IF IT'S NOT BROKE, IT'S FRAGILE: No doubt you can recall your last performance review. But when did your outfit have its last checkup? Don't wait till it breaks to fix it, cautions William F. Albert, an organizational planning con­ sultant for Amoco Corp. Internal and external shifts force all companies into flux. Most respond to change by accommodating it: choosing the least disrup­ tive adjustment. Albert calls this treating the symptom, not the disease.

Propelling a company forward requires fine-tuning -- via organizational reviews. Here's how… (1) Actively involve key executives. This includes the head of the department or office to be studied. If orders "trickle down," the project is doomed before it starts. A resentful manager can sabotage a study by crippling communication channels. (2) Structure the evaluation. Establish scope, standards and format, as well as the members of the study team. Ideally, one evaluator should be from the department under scrutiny. This adds credence to the analysis. (3) Document your proposal. Include background material, significant findings, recommendations including alternatives), and projected staff and cost effects. (4) Present it to the department head. If possible, meet away from his/her office to reduce distractions. Negotiate implementation procedures, securing a commitment to follow through.

REDEFINING INNOVATION: Does innovation refer to product or process? It is both. Still, the processes of innovation remain one of the most misunderstood and underutilized tools in the enhancement of growth and profitability. We think of a product inventor as an innovator. But what about the process innova­ tor…the individual who stimulates growth through physical distribution im­ provements, better vendor relationships, incisive new sale strategies, compet­ itive pricing plans or efficient new administrative procedures? Consider the case of a business growth goal to achieve a 10% rate of return on net assets.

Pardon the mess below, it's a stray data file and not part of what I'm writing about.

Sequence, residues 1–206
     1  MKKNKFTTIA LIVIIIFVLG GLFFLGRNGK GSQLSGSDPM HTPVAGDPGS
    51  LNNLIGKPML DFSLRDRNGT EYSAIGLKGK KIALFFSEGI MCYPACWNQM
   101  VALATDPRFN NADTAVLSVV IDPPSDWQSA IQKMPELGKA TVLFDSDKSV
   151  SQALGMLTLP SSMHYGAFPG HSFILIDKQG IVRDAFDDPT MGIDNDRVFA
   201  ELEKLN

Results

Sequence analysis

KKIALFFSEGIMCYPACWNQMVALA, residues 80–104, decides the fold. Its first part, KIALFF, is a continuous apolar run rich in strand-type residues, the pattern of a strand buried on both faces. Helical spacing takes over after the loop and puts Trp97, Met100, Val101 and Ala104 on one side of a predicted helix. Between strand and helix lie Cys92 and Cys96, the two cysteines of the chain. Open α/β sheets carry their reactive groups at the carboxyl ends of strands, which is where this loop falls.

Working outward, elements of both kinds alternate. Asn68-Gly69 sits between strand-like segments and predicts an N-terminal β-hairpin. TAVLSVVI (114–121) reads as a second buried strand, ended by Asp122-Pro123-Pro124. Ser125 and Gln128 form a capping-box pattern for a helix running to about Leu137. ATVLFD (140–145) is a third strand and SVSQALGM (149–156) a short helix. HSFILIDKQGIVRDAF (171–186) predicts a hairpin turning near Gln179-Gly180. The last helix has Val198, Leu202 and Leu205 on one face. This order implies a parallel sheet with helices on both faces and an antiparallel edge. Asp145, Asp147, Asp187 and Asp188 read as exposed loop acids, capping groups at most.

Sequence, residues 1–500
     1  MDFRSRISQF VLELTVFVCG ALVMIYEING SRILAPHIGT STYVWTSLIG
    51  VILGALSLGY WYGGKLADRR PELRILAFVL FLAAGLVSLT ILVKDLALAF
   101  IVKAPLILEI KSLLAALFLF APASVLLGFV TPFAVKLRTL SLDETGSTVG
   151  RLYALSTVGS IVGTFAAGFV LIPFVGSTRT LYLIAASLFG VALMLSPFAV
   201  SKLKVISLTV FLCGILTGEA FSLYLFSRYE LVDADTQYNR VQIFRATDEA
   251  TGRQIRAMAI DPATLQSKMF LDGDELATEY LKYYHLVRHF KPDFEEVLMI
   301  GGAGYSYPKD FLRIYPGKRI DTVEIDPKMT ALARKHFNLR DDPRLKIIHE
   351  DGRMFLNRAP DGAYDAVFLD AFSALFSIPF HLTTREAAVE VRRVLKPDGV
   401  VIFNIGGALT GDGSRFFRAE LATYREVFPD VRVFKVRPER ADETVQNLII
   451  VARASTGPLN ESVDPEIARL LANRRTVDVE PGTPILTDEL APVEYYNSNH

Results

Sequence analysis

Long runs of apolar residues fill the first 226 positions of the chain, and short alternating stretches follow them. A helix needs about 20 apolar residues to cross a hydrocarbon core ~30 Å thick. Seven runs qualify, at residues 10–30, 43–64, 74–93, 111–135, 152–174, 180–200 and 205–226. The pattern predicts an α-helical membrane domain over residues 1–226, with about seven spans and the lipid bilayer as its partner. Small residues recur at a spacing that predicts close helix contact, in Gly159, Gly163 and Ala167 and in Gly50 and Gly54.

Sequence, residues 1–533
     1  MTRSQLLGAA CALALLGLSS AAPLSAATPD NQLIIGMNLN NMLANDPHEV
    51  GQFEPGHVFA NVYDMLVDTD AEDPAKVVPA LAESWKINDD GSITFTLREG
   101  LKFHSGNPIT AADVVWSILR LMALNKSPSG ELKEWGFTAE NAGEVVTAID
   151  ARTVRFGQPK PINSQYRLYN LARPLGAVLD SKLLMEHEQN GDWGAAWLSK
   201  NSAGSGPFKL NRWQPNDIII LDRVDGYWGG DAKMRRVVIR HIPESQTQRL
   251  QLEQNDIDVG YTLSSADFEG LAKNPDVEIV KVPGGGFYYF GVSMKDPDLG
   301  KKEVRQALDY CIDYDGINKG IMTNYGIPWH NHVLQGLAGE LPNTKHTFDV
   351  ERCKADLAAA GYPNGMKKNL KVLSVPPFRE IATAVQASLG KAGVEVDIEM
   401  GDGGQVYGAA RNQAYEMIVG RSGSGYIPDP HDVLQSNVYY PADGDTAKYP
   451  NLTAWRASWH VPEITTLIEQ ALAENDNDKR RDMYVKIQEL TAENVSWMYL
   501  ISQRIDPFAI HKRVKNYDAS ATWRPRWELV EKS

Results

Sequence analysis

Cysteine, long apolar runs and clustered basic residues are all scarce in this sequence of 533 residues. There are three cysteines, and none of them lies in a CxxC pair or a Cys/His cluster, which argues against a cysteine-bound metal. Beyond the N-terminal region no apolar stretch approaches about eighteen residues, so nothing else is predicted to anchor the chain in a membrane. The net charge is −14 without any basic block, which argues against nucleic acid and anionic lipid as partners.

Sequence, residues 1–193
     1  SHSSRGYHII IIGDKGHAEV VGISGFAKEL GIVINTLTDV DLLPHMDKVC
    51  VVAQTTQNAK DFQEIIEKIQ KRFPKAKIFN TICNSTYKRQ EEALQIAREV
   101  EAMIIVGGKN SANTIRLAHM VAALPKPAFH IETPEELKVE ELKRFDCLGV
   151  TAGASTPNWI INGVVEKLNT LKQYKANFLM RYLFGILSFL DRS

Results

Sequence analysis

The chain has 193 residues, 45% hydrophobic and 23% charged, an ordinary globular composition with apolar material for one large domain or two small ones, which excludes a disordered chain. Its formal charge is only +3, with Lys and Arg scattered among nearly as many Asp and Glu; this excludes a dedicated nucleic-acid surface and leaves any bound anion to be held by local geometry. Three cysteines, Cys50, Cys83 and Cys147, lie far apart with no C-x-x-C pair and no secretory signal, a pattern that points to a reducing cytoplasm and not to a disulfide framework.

The goal can be achieved in a number of ways that include: (1) The generation of a higher sales volume with no significant increase in the asset base. (2) A high product price. (3) Reduced overall costs. Innovation can be a key element in bringing about any or all three of these scenarios. To a significant degree, innovation can be restated as follows…Innovation is ideas implemented prof­ itably and successfully . Such a definition also underscores one of the axioms of intrapreneurship. “Innovation goals support corporate goals."

THE INDUSTRIAL REVOLUTION, PHASE TWO: Like an earthquake that rattles windows, recent economic tremors are alarming…but not to worry. Shifts in the world economy signify a departure from the traditional ways people produce goods and services and bring them to market. It's the Industrial Revolution, Phase II. So say two MIT professors who have made a ten-year study of U.S. and European business trends. Michael J. Piore and Charles F. Sabel see an Age of Crafts­ manship emerging from today's economic turbulence. Their landmark book, The Second Industrial Revolution, heralds a new dawn for small businesses. The authors claim that mass production, plagued by labor unrest, rigid work rules, and outdated machinery, will take a back seat to craft production as a growth catalyst. Highly skilled craftsmen are free from big business's strict hierar­ chy. Hence, they can adjust their tools and products according to technology and the demands of a fluid, diverse market. Whether it's a bow to Zen philoso­ phy or the "smaller is better" mindset, Piore and Sabel have struck a nerve with their theory of flexible specialization.